Australia, Hiking, Mountains
Comments 16

Back on the Monkey’s Forehead

Well, much of the country is on fire again, but up here in Brisbane it’s been pretty damned nice. I think I’m getting used to the heat, the worst of which was visited upon this, the third-largest city, just before I got back from Korea.

My ongoing project continues and its conclusion and some exciting news are in sight. I’ve done a lot of catch-ups with old friends, have been into the apparently hip city a couple of times (first impressions: beer is expensive, people are much larger here, there’s almost as much cigarette smoke as in downtown Gimhae, and there are too many street musicians) and have managed a short bike ride and lots of photography every day between bursts of work on my project.

My friend Chris (he tells me we’ve known each other 10 years) and I had been talking about a trip to Moreton Island and my third circumambulation of the world’s third-biggest sand island, but I decided I couldn’t spare the time and that three days’ worth of mid-Summer-hot white sand, dodging holiday-period hordes of 4-wheel drives, was a suicide mission.

Instead we decided on a day trip up the highway to the Glass House Mountains and Tibrogargan, which long-term readers might recall from this trip, and this one. There’s some historical and geographical detail there. I’ll let the pictures tell the story this time — I think they’re a bit better than on those earlier trips, and I have beer to drink…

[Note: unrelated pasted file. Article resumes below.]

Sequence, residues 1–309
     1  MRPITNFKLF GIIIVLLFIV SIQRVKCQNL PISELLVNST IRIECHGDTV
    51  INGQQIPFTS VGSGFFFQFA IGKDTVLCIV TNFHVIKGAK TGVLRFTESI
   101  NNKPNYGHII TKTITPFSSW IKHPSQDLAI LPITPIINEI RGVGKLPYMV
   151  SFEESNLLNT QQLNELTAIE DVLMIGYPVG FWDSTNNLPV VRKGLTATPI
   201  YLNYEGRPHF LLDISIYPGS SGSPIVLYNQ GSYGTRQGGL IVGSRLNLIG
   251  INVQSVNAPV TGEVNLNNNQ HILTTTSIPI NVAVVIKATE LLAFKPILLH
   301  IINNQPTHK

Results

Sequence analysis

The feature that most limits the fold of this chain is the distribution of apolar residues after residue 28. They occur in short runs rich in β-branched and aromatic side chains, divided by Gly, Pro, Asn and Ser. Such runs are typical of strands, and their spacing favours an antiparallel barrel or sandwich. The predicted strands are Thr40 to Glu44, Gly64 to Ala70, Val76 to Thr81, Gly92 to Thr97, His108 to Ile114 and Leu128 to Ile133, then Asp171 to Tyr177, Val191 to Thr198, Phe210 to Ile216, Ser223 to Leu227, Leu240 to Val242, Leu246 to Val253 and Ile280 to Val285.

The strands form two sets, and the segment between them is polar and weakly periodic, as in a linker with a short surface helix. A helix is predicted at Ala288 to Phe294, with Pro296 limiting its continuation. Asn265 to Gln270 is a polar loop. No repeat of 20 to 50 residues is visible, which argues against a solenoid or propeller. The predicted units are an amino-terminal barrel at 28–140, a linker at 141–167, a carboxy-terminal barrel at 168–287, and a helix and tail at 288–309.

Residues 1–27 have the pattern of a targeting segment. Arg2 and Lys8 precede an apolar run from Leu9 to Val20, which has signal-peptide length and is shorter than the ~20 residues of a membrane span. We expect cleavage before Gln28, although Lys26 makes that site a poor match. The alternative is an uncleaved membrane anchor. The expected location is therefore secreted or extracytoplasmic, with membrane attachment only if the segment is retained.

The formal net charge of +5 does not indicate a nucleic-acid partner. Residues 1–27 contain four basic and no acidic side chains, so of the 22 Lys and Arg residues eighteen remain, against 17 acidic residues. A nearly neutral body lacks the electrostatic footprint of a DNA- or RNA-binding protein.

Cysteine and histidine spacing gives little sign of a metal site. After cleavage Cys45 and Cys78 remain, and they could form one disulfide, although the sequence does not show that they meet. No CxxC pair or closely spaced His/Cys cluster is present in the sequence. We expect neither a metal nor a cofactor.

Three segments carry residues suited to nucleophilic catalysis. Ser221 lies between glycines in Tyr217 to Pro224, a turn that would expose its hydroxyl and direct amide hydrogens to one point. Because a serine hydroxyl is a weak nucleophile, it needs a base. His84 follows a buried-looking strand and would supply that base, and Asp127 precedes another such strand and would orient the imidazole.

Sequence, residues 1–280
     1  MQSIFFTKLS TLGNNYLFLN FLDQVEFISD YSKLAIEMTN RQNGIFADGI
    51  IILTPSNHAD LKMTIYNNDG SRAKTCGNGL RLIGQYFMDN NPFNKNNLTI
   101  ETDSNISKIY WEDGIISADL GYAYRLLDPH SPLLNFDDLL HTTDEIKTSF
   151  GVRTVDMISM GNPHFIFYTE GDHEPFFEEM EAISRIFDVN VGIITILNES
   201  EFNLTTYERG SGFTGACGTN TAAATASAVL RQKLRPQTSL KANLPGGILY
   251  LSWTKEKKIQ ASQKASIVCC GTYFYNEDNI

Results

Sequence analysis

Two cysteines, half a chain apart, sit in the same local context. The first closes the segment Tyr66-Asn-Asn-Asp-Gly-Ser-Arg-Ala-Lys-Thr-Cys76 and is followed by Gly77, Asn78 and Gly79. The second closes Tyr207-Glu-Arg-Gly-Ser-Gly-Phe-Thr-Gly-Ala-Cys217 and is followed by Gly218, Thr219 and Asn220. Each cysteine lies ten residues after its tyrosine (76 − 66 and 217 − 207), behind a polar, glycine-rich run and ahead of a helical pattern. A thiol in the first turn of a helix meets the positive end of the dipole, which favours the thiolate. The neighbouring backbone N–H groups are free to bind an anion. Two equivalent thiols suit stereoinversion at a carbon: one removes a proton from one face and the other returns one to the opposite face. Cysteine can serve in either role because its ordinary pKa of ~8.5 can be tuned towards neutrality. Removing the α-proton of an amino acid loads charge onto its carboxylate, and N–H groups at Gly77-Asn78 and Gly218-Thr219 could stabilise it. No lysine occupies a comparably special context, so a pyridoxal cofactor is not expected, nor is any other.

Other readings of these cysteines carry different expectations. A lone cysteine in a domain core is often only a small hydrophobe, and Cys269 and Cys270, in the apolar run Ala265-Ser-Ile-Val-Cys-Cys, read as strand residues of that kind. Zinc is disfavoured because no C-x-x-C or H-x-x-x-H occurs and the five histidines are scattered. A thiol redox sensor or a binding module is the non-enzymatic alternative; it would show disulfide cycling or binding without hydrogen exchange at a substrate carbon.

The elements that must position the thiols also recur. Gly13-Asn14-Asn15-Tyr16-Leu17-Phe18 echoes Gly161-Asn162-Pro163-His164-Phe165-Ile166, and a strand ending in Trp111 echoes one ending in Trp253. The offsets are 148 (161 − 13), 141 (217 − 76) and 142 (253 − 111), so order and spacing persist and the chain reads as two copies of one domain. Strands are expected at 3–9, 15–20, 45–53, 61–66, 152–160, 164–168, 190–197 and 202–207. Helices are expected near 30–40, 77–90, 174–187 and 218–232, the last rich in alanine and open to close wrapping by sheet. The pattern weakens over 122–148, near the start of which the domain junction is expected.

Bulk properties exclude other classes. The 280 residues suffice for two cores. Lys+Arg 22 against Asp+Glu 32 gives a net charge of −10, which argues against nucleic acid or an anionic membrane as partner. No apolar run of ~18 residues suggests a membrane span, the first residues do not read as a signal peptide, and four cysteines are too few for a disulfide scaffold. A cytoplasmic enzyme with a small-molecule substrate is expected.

*          *          *          *          *

Chris had use of his mother’s car. It’s tiny and not the most rugged-looking vehicle, but after two years of walking or using public transport to get anywhere it was a treat to be chauffeured to a day-hike. Barely an hour from Brisbane and we were among the pine plantations and pineapple farms surrounding the hulking simian mass of Tibrogargan:


I have long been opposed to the keeping of mountains in captivity.

It was cloudy, hot but not too hot, early but not quite early enough. We got started. This sign was new — it was a revelation to us both that throwing rocks from a mountain could be harmful. Honestly, the bureaucrats are ruining the fun for all of us:


The Tibro hiker walks/climbs a fine line between walking and climbing. People below often ask how bad/steep/scary it is up top. I only ask how crowded it is. A dozen or so were descending, so there were frequent stops to let them pass and enjoy the views of Tibro’s sister mountains:


Coonowrin, popularly known as Crookneck, is officially closed. I’ve heard there is a way up that doesn’t involve ropes.



Jam cleared, we resumed climbing, slowly, in my case, as I was juggling two cameras…


Beerwah — the highest Glass House — Coonowrin and a pineapple patchwork



..and half an hour or so of scrambling brought us to the 364m summit, which is lushly appointed with slow-growing grass trees and banskias:


Grass tree foliage


Grass trees — Xanthorea — near the summit


The Tunbubudla Twins, left


Banskia trees — classic Australiana

The path is up the inland, western face — a quick traverse and you climb down a short way onto the top of the east- and coastal-facing face — the forehead of the venerable volcanic ape:


Looking coastwards

We rested there a bit, talking, eating, watching other walkers…


Macadamia plantation & a nasty quarry


..before a descent, an hour later, by the same path:


From Ngungun, right, there’s a fantastic view of Coonowrin lined up with mighty Beerwah. All are remnant volcanic plugs.


Going down is slower — gravity is not always your friend. I enjoy this climb but there have been several rescues and accidents over the years; the time- and boot-smoothed stone must be treacherous in wet weather.